Charlie seeks out the Boston-based detective at her latest crime scene, telling the new mother that her two childhood friends were murdered leaving her the only one still alive. This fear has led her to train to fight for her life when the moment comes.
DD takes the case and as she looks further into Grant's past, she starts to doubt the young woman's story. Stories begin to stack against her and the authorities start to think maybe she has committed these murders herself.
One thing is for certain: Charlie Grant isn't going down without a fight.
(Review by Rachel Howdle)
The Glass Room by Ann Cleeves is published in hardback by Macmillan, priced £16.99. Available now.
This is the fifth novel featuring the formidable Detective Inspector Vera Stanhope, portrayed by Brenda Blethyn in ITV's drama series Vera.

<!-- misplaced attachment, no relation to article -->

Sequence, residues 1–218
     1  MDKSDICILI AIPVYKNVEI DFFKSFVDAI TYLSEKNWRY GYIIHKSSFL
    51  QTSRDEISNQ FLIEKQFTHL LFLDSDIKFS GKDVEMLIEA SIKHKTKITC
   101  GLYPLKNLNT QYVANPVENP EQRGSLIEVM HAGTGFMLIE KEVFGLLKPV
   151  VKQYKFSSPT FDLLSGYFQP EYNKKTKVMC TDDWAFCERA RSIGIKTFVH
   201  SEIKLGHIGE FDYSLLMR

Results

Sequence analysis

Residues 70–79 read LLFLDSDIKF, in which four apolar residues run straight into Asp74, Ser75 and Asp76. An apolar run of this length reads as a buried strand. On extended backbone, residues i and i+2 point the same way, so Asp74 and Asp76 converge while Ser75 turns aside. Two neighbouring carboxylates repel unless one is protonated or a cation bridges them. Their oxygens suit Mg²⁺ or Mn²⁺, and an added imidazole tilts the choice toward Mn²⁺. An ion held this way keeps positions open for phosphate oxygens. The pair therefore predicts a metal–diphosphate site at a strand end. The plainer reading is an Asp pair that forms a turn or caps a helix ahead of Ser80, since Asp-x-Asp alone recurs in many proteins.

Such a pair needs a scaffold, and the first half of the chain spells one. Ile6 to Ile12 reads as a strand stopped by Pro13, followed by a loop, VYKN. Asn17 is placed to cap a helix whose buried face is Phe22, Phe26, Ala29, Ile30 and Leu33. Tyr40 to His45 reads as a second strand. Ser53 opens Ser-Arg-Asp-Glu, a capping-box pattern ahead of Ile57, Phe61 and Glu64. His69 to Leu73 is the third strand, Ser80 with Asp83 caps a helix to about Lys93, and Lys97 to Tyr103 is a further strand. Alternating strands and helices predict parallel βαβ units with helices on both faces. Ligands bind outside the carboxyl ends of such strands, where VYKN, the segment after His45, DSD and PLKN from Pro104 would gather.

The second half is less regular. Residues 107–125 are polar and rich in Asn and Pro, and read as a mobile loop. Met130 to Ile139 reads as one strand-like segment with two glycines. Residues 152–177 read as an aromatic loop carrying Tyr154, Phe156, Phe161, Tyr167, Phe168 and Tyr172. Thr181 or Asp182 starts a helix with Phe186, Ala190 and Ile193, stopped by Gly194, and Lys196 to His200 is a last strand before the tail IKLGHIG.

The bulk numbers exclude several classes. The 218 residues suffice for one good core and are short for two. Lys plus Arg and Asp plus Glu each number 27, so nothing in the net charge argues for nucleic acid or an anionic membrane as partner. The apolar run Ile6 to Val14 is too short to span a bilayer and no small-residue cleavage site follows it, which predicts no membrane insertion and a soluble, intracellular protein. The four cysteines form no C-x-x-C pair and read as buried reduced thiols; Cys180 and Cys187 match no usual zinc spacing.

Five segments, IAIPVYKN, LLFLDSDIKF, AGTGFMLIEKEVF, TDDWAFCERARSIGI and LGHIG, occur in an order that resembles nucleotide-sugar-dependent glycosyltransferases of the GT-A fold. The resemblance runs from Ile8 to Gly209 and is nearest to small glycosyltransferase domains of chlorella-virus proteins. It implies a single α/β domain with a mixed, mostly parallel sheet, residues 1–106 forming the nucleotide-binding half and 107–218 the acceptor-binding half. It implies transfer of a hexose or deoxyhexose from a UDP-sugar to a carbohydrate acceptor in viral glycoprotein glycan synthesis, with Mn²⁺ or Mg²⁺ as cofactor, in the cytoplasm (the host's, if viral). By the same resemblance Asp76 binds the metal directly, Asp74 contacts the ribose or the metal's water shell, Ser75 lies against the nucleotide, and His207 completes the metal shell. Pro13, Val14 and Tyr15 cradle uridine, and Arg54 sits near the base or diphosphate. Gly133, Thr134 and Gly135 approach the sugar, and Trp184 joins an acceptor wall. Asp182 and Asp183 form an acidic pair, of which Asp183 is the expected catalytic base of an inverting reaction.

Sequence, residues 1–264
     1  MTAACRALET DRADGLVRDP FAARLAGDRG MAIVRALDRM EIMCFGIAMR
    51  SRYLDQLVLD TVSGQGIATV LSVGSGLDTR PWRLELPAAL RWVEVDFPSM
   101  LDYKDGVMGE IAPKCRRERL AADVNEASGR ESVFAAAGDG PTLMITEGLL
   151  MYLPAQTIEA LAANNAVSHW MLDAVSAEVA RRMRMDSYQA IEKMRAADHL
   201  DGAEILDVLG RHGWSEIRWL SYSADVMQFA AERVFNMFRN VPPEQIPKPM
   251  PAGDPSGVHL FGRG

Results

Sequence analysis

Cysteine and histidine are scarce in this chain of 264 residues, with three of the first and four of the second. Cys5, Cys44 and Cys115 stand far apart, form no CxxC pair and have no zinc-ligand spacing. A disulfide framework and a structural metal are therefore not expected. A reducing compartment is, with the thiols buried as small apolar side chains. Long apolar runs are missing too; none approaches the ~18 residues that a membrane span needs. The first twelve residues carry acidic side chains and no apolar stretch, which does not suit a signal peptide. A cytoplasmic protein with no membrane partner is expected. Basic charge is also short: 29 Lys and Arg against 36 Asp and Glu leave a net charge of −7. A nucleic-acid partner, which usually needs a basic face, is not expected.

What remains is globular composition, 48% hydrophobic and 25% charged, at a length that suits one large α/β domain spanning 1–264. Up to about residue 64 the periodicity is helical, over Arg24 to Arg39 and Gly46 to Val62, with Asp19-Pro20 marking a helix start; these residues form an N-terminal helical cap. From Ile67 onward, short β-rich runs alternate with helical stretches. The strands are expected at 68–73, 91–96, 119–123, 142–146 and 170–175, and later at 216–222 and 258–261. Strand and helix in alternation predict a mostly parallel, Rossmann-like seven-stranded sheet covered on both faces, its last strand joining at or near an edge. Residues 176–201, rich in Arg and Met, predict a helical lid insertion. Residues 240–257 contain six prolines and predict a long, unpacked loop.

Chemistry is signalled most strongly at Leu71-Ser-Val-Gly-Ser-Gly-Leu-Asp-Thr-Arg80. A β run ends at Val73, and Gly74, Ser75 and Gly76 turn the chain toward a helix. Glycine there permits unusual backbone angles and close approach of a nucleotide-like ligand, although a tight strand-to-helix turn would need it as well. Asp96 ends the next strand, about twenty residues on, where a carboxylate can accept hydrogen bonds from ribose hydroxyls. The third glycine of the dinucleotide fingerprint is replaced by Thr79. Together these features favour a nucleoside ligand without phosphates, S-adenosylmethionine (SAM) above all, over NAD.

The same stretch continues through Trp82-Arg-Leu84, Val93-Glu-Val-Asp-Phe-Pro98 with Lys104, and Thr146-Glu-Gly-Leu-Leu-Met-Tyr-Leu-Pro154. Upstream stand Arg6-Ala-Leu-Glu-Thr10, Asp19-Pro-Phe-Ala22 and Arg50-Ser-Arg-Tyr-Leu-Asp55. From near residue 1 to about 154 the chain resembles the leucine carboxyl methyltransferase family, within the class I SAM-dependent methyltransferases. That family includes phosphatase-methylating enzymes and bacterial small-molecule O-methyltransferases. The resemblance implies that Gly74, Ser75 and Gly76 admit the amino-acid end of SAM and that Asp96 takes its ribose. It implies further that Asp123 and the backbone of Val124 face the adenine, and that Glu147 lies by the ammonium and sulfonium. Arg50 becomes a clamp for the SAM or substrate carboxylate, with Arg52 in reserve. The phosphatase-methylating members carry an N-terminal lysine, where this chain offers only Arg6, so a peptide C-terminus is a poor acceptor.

Vera is friends with hippy neighbours Jack Devanney and Joanna Tobin. When Joanna disappears and Jack is desperately worried, she feels obliged to help.
She tracks her down to The Writers' House, a country retreat on the Northumberland coast that offers courses for writers and aspiring authors.
She has barely arrived when the body of tutor Professor Tony Ferdinand is discovered stabbed to death in The Glass Room, a first-floor conservatory.
Complications occur when Joanna is found in a corridor holding a knife.
As she investigates, Vera is pulled into the world of publishing with its aspiring writers, once-famous authors, cynical critics and academics. Then a second body is found, and everyone's a suspect.